gender, poetry, religion

For women and mothers

I wrote this poem in July 2006 (obviously I was still nursing the baby). Here it is as a re-run.

I am the one
who suffers The Worst Pain of Your Life
to bring new life.
I am
the one whose nipples are sucked to
painful tenderness,
the one whose body–
ravaged by labour,
hemorrhoids, stretch marks — yet
whose body is on display and is not
permitted the luxury of cellulite.

The one who’d better
get in shape. The one
who should breastfeed 2 years yet keep
breasts sophomoric, for
is a religious duty too.
The one who can’t
sleep, eat or rest.
Or read or pray.
The one who does not have
the time to work, who does not have
the freedom NOT to work.
Who got rights 1400 years ago
but cannot own a penny, for what
wife/mother would own/spend for herself?
They give me rights but take away
the right to use them when I want.
They say
I can do this and this and this.
And then say, it’s unfeminine
to say I, me, I want, I need.
They say, how great is your glory, woman,
that you spoke out to the Messenger,
that you corrected Umar. Then
they say,
Shaikh X must be obeyed
for surely he in his piety
knows best the fiqh of labour pains.
I am
one who can neither nurse
in public, nor feed formula
without public chastisement.
The one
who must know EVERYTHING about
the baby, the one whose needs
are first
to be forgotten, the one
who never can lose it, the one
who never
can escape.
And if I’m gone for an hour,
will hunt me like a hungry wolf.
I have
a splitting headache, namaz to pray,
no meal in 15 hours, a child
fussing to be fed
and then
fussing again to poop
and then,
fussing to be cleaned and bathed
and fussing to go to sleep again.
Sometimes it feels
like the universe is wound up so
I can never rest and breathe awhile.

Single, life was hard; married, life’s a trial; motherhood, a struggle all over again.
Yeah, motherhood is beautiful
with unending reserves of health.
Ah and that utopian system whereby
in-laws get to claim your child
and you get to be nanny/maid.
One day baby will grow up to see
mummy is the doormat, mummy’s needs
are last.
And then if something
scholars say
the father gets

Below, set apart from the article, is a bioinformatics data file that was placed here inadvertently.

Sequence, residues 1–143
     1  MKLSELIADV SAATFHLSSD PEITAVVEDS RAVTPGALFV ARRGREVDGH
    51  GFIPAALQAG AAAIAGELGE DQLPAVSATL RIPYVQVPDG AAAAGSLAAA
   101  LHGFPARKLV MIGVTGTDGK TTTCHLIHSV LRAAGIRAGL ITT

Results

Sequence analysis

the child.
Even if
daddy can barely put the child to bed?
I’m the one with the lovely task
of nurturing bodies
by cooking food,
the endless labour
of cleanliness, of making home
a place of rest,—
And all the while “I do not work.”
And then they say,
he must not work beyond 5pm –
he must not lose sleep or meals — and yet
you are too frail to be president.
And then I am the one with jannah
at my feet

yet my jannah
has separate doors beside the trash.
When I approach the sacred, I am
told I cannot menstruate
told I cannot wear this or that
told I cannot say no to sex
told I cannot not marry, told
I cannot not wash clothes and plates
cannot divorce without penalty
cannot say
I’m tired.
Cannot say for God’s sake I’m tired.
And cannot
say for once and all
you know what
for all your
apologetics, for all your fancy theory,
this world, this world
this world of yours
just does not work
for me that well.

12 thoughts on “For women and mothers”

  1. Wow, this is a real mother’s poem, filled with all the trials and love of childrearing, and all the unfairness imposed by men and society. I love it, and am going to send it to my daughter-in-law who had a baby 🙂

    Thank you so much, dear Sister.

    Ya Haqq!

  2. These words can only come from within.

    If all people could understand this poem….our world would have been a much better place.

    Thanks 🙂

  3. 101 reasons why I’m desperately seeking an environment where my children will not learn to think like this..Iceland perhaps or Siberia? Beautifully said as always Koonj

  4. Oh, this is what I am feeling today, and I was feeling this yesterday too. Copious volumes of tears just slide down my face, and the kids pause and look at me and say,’Ammi why are you sad? Ammi, cheer up!’ And for that too, I am very grateful.

    Thank you for writing this as honestly as you have.

  5. And after four of these “phases,” is it somehow wrong for me to say,
    “That’s it! I want no more! I am tired, beyond tired, just let me raise four loving, responsible Muslims into adulthood who will want to pray for me or give charity in my name!”

    Stop hounding me to reproduce. I cannot put in my order for a boy at the Publix meat counter. (am talking in my head to MIL)

    At least not yet.

  6. May your voice resonate to the extent that everybody sheds down the prejudice and injustice againts woman folk.

    Great poem.

  7. Oh wow ❤ This poem is so, so much of the knot in my throat that makes me scream in my nightmares at "scholars."

    It's powerful. It's beautiful. It's brave.

    Thank you! May God reward you for this voice.

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